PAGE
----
November 5th, 2009 by Nina Thompson, ARNP
Two or more servings per day of artificially sweetened soda was associated with a two-fold increased risk of faster kidney function decline in a recent study from Brigham and Women’s Hospital in Boston. There was no connection in the study, however, between sugar-sweetened beverages and kidney function decline.
A second study found a link between higher dietary sodium intake and kidney function decline. This is consistent with previous studies on experimental animal data that showed high sodium intake appeared to promote progressive kidney disease.
Both studies are to be presented this week at the annual meeting of the American Society of Nephrology, in San Diego.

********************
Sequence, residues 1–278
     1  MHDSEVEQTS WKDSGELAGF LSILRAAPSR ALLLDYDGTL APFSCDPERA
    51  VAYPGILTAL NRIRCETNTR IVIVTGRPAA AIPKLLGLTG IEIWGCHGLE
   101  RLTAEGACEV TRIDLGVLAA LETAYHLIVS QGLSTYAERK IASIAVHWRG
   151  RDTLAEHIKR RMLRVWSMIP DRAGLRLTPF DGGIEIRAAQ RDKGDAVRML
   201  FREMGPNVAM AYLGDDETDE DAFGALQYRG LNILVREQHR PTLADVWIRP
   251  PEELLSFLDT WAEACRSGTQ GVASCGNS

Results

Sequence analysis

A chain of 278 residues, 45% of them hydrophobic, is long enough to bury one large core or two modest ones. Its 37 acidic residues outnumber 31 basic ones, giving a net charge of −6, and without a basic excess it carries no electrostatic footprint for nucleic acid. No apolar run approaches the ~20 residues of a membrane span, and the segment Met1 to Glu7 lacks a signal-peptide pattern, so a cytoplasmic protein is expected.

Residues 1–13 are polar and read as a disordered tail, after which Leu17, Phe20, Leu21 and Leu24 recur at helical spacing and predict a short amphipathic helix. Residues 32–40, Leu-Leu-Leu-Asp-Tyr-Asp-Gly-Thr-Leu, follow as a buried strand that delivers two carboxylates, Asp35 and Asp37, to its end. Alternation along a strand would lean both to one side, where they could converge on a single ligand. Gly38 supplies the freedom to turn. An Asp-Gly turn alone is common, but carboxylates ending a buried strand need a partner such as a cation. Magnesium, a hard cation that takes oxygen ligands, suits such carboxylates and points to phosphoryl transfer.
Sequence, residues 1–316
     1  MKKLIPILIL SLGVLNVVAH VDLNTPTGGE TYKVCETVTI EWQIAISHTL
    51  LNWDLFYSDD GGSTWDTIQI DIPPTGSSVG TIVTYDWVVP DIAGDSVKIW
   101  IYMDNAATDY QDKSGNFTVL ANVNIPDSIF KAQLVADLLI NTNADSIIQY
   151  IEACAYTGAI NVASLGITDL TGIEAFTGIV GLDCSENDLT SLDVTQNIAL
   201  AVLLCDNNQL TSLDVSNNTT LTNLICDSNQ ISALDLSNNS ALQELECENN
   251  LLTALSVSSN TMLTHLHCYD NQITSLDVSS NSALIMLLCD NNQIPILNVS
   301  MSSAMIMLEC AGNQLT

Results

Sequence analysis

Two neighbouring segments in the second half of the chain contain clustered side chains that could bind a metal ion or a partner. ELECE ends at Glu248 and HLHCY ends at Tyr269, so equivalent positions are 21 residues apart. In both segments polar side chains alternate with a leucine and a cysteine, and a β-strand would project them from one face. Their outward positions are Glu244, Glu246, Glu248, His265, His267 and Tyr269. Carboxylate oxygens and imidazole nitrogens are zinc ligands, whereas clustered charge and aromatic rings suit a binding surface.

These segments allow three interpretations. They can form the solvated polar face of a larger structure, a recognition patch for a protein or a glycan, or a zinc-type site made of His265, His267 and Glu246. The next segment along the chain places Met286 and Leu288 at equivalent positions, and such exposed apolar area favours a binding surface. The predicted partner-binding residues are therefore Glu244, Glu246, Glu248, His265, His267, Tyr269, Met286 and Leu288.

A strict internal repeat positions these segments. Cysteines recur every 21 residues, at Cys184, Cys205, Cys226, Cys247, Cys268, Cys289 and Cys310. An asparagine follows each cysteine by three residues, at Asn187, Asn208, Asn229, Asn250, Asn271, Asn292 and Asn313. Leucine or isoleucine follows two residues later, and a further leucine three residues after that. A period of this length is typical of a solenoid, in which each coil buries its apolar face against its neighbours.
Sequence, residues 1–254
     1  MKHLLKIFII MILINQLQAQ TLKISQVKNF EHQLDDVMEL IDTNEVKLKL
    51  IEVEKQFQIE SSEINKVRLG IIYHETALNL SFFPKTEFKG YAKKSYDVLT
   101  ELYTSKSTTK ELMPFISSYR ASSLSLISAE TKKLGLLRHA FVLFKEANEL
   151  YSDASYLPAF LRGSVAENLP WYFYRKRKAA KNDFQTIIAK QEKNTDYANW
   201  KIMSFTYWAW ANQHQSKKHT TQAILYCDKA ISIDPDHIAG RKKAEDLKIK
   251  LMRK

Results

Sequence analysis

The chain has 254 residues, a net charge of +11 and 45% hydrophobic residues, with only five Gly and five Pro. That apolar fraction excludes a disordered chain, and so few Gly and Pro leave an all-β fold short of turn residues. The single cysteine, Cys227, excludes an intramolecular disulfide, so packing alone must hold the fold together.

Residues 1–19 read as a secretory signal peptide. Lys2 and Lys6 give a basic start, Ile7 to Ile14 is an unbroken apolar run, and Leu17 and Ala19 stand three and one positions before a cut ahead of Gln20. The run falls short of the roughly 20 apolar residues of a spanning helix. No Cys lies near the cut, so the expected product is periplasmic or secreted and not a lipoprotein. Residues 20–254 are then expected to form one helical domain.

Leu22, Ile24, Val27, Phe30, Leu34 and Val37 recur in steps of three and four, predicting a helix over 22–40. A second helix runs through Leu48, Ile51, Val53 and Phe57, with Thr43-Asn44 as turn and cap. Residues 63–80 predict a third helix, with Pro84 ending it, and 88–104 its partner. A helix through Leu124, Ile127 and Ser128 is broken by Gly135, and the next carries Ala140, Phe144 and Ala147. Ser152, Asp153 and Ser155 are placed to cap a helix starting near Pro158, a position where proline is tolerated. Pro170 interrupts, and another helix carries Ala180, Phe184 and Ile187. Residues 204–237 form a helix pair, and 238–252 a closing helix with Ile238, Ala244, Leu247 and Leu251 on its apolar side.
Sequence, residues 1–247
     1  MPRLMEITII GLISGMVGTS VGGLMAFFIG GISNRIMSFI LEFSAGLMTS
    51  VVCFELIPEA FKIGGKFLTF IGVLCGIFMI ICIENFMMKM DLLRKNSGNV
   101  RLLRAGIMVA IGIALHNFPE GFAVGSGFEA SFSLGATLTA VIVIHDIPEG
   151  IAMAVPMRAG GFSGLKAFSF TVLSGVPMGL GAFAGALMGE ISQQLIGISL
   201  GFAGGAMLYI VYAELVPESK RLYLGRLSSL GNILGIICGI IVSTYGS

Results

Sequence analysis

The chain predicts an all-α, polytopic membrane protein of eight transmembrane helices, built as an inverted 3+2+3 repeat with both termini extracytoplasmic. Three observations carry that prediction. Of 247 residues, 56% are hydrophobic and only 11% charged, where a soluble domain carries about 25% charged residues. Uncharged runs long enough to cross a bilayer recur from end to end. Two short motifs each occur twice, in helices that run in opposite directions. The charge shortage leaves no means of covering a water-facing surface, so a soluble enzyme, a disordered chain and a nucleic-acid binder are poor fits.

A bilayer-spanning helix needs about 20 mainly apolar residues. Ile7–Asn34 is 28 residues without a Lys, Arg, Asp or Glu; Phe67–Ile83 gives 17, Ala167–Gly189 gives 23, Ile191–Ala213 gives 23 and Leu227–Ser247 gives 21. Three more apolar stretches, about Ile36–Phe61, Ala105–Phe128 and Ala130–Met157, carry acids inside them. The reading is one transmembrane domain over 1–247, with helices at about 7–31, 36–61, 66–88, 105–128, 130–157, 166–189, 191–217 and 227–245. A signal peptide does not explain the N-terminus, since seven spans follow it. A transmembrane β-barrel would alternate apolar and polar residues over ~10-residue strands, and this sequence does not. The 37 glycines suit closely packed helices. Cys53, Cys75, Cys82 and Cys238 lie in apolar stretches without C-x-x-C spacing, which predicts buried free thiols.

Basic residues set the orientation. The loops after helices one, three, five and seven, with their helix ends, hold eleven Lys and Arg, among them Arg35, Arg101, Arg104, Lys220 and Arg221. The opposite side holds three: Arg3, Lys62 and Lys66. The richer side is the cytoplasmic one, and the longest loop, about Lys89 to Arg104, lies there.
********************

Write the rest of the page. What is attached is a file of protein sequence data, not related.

One in nine American adults have kidney disease and millions more are at increased risk of getting it, but most don’t know it. Kidney disease can be detected and treated early to prevent prevent the progression of kidney disease to kidney failure. High risk groups include those with diabetes, hypertension and family history of kidney disease. Also African Americans, Hispanics, Pacific Islanders, Native Americans and Seniors are at increased risk.
Source: “Diet Soda, Sodium Tied to Kidney Trouble: Studies” Health Day News, November 2, 2009
Source: National Kidney Foundation